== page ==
By Jason Shetler
The Pirates brought back a familiar face to the organization on Monday, as the club agreed to terms with Francisco Liriano on a minor league contract, which does include incentives. Liriano is the second left-handed pitcher to join the Pirates on a minor league deal this offseason, the other being Tyler Lyons on New Year’s Day.
Liriano first arrived to Pittsburgh prior to the 2013 season on a guaranteed contract for one year, plus a club option. After some injury riddled seasons, he pitched very well in 2013 and was named National League Comeback Player of the Year. Following the 2014 season, the Pirates were able to re-sign Liriano for three years at $39 million.
2016 became a struggle for Liriano. During the trade deadline that year, the Pirates dealt the veteran lefty to the Toronto Blue Jays for pitcher Drew Hutchison. Ownership would really come into question with this deal, as the Bucs traded away a pair of prospects in catcher Reese McGuire and outfielder Harold Ramirez in an effort to get the Jays to take on Liriano’s remaining money. Despite a subpar 2016 campaign, Liriano still performed solidly during his first time around in Pittsburgh, posting a 3.67 ERA and a 3.61 FIP in a total of 107 starts. He also had a K/9 of 9.5, which is the best figure of any Pirates starter to pitch at least three seasons for them.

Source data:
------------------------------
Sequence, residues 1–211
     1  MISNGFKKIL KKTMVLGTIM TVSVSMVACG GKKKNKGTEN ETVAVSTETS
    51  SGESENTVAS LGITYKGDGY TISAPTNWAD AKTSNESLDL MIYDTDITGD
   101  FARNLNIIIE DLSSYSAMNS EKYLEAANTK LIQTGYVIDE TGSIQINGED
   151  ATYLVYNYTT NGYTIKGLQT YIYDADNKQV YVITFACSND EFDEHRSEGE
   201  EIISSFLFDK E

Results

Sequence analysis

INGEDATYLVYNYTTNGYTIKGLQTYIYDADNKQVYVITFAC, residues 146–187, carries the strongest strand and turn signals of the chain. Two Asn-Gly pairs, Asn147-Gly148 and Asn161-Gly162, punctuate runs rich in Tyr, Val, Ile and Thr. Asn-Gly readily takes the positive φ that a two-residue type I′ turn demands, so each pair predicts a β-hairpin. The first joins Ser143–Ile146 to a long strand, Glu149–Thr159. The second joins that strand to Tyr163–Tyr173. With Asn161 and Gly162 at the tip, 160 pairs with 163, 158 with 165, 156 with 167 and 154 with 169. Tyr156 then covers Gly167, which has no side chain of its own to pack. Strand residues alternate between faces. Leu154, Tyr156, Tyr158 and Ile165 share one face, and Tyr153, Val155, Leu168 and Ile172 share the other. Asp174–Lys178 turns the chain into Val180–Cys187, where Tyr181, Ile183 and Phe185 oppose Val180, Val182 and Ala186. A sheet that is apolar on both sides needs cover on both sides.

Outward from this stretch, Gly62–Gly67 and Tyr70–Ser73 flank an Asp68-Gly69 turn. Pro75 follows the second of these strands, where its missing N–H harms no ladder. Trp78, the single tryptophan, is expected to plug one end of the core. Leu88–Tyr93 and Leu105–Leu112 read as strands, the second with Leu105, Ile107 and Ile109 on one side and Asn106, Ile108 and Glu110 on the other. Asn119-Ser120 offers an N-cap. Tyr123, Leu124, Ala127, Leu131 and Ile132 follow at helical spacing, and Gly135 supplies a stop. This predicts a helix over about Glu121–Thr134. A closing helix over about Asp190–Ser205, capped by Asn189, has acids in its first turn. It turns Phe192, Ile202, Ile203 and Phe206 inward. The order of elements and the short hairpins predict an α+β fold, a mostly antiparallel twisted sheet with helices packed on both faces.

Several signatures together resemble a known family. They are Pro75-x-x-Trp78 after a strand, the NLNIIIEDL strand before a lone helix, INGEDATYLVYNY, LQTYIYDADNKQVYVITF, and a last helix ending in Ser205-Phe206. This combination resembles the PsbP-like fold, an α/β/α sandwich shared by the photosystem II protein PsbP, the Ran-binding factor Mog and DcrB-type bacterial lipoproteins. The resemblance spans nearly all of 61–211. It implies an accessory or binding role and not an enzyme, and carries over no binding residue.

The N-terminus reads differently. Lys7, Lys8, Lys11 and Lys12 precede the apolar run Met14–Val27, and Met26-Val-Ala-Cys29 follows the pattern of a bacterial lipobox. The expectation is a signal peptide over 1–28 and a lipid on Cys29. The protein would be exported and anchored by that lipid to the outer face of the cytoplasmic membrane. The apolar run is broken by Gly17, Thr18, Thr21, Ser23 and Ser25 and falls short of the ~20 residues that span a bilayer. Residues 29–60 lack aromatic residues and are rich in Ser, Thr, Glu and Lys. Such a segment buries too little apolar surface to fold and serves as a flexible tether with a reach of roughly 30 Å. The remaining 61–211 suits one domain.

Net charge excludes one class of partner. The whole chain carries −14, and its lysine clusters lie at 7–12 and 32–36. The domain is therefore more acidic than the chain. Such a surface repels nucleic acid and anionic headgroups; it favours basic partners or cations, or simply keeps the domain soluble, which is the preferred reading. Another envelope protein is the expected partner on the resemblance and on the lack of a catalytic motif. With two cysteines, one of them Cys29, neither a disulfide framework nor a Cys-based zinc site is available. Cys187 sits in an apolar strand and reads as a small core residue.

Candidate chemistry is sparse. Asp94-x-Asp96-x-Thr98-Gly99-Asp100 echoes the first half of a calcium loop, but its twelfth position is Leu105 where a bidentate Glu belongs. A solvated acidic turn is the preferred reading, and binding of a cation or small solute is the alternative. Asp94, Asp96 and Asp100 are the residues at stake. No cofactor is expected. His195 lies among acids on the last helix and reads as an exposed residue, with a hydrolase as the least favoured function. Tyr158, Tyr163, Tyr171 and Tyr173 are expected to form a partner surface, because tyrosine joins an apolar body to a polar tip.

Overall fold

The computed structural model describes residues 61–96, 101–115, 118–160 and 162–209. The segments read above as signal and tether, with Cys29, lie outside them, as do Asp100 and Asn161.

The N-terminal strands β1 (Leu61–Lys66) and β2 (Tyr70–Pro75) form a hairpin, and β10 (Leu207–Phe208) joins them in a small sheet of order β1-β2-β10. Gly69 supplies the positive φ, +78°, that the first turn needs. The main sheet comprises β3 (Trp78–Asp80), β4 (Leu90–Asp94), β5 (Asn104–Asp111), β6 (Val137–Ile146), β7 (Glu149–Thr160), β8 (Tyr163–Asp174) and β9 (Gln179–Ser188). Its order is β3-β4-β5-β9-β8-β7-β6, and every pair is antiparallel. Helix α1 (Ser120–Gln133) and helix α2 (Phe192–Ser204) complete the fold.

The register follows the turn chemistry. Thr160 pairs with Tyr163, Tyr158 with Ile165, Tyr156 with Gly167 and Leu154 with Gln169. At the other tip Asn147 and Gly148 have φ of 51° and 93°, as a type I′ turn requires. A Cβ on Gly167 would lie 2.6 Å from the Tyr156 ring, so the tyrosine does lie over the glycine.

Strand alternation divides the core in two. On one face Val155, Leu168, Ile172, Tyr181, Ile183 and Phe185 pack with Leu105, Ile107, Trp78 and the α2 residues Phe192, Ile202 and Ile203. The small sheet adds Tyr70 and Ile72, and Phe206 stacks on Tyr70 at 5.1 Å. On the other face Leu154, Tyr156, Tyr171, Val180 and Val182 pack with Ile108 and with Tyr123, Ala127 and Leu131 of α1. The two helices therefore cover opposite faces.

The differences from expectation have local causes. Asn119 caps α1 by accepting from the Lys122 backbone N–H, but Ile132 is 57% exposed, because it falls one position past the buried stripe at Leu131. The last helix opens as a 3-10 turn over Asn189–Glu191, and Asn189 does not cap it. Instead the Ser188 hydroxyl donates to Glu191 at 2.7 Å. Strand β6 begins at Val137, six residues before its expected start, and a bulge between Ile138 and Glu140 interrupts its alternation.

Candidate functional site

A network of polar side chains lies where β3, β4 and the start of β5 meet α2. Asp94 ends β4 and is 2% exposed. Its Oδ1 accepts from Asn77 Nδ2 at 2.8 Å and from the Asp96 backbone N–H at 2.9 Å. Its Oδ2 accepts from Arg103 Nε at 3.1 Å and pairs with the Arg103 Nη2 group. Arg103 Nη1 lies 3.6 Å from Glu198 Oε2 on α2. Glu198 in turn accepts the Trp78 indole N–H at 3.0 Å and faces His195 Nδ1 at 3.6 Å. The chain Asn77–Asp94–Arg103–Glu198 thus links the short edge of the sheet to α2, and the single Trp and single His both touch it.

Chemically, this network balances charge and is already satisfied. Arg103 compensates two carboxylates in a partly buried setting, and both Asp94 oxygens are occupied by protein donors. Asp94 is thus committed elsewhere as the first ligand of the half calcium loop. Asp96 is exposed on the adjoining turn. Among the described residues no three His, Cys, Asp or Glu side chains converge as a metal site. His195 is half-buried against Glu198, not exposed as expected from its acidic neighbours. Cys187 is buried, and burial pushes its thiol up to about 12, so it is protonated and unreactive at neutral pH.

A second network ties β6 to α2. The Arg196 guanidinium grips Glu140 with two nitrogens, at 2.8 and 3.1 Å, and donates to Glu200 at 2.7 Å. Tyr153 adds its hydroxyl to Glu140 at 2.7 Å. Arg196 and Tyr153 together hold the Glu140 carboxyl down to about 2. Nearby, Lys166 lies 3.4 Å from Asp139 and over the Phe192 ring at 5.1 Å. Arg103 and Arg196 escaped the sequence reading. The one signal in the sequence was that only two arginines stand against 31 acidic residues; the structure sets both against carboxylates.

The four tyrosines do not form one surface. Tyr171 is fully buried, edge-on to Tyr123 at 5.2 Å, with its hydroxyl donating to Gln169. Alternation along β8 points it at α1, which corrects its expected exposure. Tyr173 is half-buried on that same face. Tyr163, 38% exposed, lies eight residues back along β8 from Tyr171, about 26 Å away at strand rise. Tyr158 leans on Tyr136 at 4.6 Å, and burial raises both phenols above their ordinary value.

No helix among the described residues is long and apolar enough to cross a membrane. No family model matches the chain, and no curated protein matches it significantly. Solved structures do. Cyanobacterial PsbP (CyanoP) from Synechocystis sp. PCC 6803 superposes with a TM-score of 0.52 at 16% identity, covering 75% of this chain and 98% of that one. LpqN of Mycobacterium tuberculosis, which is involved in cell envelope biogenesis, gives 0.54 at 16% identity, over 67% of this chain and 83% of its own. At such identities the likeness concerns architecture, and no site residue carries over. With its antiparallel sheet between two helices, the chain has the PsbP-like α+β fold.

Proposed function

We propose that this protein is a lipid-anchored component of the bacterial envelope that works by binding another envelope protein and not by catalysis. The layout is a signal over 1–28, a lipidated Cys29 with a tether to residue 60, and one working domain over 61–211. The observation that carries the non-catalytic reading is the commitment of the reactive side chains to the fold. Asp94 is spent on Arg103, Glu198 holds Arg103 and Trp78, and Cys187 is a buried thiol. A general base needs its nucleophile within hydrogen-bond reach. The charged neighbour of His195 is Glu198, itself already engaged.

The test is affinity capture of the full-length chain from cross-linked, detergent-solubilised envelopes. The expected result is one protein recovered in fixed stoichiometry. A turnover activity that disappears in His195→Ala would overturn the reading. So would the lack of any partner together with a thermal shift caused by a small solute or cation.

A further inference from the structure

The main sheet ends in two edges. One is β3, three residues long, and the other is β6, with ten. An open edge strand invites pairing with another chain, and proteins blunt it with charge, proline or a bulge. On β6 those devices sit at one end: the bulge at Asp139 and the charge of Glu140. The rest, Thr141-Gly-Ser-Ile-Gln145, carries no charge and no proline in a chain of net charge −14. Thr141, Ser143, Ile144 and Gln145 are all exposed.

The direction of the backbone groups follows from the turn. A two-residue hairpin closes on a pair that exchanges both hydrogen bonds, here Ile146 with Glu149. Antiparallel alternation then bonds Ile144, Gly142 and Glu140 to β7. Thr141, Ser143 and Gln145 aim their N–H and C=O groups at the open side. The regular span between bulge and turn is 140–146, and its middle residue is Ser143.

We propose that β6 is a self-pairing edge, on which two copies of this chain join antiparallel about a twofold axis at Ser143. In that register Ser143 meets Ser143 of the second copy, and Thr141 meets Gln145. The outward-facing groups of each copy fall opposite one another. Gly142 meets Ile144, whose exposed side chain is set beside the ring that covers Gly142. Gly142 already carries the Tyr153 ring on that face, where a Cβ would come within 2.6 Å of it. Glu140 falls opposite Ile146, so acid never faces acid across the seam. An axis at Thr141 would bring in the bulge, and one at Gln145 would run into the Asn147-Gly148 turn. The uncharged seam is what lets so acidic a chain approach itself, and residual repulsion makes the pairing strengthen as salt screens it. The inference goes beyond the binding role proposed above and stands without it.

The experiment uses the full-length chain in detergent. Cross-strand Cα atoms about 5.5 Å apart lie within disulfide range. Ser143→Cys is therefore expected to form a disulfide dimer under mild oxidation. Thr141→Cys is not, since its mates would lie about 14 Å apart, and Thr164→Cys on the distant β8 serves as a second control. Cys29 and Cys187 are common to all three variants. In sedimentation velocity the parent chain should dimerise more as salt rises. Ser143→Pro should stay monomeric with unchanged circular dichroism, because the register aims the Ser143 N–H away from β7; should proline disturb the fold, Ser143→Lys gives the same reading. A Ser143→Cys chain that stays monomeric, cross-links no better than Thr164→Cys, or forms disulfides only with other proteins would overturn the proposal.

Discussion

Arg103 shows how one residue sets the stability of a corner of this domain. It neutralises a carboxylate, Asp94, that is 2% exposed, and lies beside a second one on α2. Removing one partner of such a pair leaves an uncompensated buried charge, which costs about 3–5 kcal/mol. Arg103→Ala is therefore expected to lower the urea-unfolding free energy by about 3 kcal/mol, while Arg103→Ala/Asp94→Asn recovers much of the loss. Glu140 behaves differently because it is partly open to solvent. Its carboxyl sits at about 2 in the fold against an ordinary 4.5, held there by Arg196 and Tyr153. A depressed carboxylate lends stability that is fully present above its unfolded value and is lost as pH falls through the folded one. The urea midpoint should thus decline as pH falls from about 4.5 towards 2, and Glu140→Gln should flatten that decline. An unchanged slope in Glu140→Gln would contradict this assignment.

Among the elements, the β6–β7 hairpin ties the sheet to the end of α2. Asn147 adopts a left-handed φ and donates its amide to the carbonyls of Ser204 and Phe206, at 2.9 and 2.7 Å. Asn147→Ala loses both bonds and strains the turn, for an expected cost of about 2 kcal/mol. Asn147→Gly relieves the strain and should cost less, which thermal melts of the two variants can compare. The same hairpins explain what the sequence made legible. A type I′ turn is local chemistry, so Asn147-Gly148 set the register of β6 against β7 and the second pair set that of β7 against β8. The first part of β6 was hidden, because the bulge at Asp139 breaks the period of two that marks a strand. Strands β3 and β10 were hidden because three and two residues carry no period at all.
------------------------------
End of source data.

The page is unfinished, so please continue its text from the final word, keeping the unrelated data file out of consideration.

Last offseason, the Detroit Tigers inked Liriano to a one-year deal worth $4 million to be a veteran presence in their rotation. He appeared in 27 games, making 26 starts, and had a 4.58 ERA, along with a FIP of 5.11 and a career low 7.4 K/9.
During the Winter Meetings this offseason, the Pirates traded Ivan Nova to the Chicago White Sox, while then signing Jordan Lyles to a one-year deal for $2 million shortly after. General Manager Neal Huntington said that Lyles has the “inside track” to be the fifth starter in the rotation, but also mentioned that they would consider using The Opener in that spot, a concept made famous by the Tampa Bay Rays a year ago.
Although Liriano had his struggles last season with Detroit, there were a couple of positive takeaways. One was looking good against opposing hitters first time through the lineup, as he held them to a .635 OPS. The other was continuing to dominate left-handed batters, holding them to an OPS of .516. If the Pirates decide to flirt with the idea of The Opener, as opposed to a traditional fifth starter, Liriano would certainly be a perfect candidate for that role. Letting him just pitch the first and second innings of games would not only be ideal, given his numbers first time facing a lineup, but also allows him to stay fresh and not have to log too many innings in the process.